By Bill Picture
October 31, 2008
As representative for the 15th Congressional District of Calif., Mike Honda is well aware of the cost that hepatitis B has on the nation as a result of expensive treatments for liver cancer, hard-to-come-by liver transplants, and the lost productivity to the economy as the disease hits working people in the prime of their careers.
At the same time, because the HBV vaccine is so effective it is being hailed as the “anti-liver cancer vaccine,” Honda is also confident that the fight against hepatitis B can be won.
“We’re talking about a disease that is preventable and treatable if it’s diagnosed in its early stages,” Honda says. “This is about preventing human suffering.”
Recognizing that the tools necessary to stop the spread of hepatitis B and prevent HBV-related deaths were already at doctors’ disposal if only organized properly, Honda embarked on a crusade to increase awareness of the disease among APIs, for whom hepatitis B and liver cancer are the greatest health disparity.
Honda’s first attempt to break the silence surrounding the disease happened in 2006, when the congressman submitted to a hepatitis B test at a public- screening day held in San Francisco.
In 2007, Honda and fellow congressmen from New York and Pennsylvania introduced a resolution to support the very first National Hepatitis B Awareness Week. The program’s goal was to educate communities across the nation about hepatitis B and promote the benefits of screening, vaccination and early treatment.
“We must educate ourselves and our loved ones about this devastating disease,” Honda explains. “Testing and vaccination are critical to stemming the tide of this health crisis. And treatments are available. Hepatitis B diagnosis does not have to be a death sentence.”
Later that year, Honda co-wrote a bill calling for the development of a national plan for the prevention, control and medical management of hepatitis B. The bill, the first ever to address hepatitis B at the national level, sought to boost immunization rates nationwide and increase federal funding for hepatitis B research, as well as provide funding for the education of high-risk populations, including Asian Americans.
State Rep. Fiona Ma admits that she knew practically nothing about hepatitis B before becoming involved in the SF Hep B Free campaign.
Like many people infected with the virus, Ma never exhibited any symptoms of the disease. She was shocked when, after submitting to a routine blood test administered as part of a job application process, she learned that she is chronically infected with hepatitis B.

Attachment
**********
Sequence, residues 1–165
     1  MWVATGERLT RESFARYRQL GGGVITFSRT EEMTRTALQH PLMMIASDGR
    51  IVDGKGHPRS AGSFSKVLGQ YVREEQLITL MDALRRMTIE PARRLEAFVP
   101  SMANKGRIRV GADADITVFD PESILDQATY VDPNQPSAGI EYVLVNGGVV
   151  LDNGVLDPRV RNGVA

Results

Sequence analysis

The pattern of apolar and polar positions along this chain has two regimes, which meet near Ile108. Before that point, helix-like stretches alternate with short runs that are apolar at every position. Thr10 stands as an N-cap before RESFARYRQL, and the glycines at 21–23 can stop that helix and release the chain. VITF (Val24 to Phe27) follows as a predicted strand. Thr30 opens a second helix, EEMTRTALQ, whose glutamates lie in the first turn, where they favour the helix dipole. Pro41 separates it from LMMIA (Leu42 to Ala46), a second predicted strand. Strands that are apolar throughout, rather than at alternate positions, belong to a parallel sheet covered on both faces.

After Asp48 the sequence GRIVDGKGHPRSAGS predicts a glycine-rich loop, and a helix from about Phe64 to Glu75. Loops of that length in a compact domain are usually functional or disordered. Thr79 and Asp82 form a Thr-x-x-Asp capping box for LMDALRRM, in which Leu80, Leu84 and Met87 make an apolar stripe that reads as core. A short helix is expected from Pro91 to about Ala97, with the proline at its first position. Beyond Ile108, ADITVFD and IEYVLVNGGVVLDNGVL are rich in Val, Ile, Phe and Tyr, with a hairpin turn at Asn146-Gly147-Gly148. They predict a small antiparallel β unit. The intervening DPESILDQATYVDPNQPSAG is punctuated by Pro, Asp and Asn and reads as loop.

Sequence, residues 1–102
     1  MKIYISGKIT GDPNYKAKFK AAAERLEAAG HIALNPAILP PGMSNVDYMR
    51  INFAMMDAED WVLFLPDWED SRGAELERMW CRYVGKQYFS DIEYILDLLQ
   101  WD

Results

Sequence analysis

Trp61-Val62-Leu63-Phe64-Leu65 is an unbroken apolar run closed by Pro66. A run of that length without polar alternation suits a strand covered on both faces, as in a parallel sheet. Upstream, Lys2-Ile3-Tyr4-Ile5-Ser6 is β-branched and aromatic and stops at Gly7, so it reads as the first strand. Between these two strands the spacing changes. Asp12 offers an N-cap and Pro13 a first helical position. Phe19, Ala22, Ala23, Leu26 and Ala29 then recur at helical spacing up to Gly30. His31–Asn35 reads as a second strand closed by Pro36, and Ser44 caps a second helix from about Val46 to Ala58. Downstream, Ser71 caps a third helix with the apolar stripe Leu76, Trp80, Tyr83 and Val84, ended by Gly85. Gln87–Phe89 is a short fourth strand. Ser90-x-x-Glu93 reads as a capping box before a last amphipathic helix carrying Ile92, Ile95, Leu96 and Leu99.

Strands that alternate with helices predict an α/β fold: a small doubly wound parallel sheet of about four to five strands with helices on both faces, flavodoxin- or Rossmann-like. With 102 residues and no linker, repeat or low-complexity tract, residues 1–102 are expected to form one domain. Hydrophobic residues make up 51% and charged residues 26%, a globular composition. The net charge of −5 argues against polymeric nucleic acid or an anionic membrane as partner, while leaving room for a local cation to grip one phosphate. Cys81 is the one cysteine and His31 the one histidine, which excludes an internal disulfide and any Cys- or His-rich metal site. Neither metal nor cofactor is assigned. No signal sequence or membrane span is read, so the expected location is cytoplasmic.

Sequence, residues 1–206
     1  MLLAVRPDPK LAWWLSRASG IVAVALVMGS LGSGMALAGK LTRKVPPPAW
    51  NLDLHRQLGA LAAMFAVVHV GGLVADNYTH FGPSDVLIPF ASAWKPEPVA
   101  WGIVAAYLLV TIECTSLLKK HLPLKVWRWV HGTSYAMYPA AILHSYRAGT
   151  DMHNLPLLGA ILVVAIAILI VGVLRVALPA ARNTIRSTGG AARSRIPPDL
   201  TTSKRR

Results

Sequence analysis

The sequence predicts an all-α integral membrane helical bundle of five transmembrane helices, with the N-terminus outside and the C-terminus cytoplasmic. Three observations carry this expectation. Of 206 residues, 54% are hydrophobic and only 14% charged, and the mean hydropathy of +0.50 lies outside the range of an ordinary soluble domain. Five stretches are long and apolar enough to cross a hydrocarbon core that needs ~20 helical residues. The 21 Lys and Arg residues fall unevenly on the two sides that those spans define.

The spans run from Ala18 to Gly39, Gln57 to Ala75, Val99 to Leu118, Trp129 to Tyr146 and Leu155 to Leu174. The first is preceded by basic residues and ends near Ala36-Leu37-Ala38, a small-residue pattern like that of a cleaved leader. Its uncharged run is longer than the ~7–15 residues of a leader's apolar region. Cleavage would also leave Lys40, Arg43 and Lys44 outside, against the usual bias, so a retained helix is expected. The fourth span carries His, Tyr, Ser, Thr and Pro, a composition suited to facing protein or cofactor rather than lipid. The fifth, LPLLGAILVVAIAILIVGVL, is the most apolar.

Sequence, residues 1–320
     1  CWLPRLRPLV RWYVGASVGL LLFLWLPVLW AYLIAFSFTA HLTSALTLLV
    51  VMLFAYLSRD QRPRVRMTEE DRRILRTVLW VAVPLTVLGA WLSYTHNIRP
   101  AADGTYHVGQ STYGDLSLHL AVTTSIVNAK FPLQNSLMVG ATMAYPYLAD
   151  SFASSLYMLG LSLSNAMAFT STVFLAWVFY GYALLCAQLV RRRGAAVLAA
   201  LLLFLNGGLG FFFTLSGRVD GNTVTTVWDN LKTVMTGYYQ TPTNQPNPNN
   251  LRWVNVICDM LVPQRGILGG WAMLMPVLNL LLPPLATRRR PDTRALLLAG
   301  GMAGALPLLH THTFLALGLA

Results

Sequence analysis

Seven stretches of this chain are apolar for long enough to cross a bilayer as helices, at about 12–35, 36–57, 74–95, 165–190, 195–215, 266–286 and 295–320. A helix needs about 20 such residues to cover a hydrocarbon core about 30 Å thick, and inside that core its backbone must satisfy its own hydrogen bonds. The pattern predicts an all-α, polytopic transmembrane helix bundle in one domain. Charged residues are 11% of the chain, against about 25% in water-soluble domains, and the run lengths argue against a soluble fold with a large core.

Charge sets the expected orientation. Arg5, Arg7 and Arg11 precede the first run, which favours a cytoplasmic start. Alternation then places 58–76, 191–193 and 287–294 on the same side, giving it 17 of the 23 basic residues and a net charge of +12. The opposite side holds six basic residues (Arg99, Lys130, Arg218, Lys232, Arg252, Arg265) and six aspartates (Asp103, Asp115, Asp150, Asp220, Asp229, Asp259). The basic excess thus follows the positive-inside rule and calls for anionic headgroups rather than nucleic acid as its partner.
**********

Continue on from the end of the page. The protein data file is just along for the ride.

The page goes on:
Ma contracted the disease from her mother via perinatal exposure, a very common means of transmission for Asian and Pacific Islander Americans. Ma’s brother later tested positive for hepatitis B as well. But their younger sister, who was born after the hepatitis B vaccine became available, was safely immune. All in Ma’s family remain healthy, and with regular monitoring to detect signs of potential liver damage, they expect to remain so.
“I’m perfectly fine today,” Ma says. “But it’s one of those things that you and your doctor have to monitor very closely because this disease rarely shows symptoms until it’s too late for treatment.”
Ma became aware of the impact of hepatitis B on the Asian and Pacific Islander American community: An estimated one in 10 APIs is infected with chronic hepatitis B, compared to one out of 1000 in the general population. After learning of the challenges that lack of awareness, cultural differences and language barriers present in efforts to screen, vaccinate and treat APIs for the disease, Ma set out to increase public awareness within her community.
In 2006, shortly before vacating her seat on the San Francisco Board of Supervisors, Ma wrote a resolution calling for the screening and vaccination of all API residents in San Francisco. The resolution was passed and signed into law by San Francisco Mayor Gavin Newsom in Nov. 2006, laying the groundwork for the San Francisco Hep B Free campaign.
As a state assemblywoman, Ma has since written a similar bill calling for the creation of state-funded pilot programs for hepatitis B prevention and management in Los Angeles and the S.F. Bay Area.
“This disease is treatable and preventable,” Ma explains. “But many people are unaware that they may be infected with hepatitis B, like I was. Through raising awareness and directing resources, we can end the disproportionate impact that the disease has on Asian Americans.”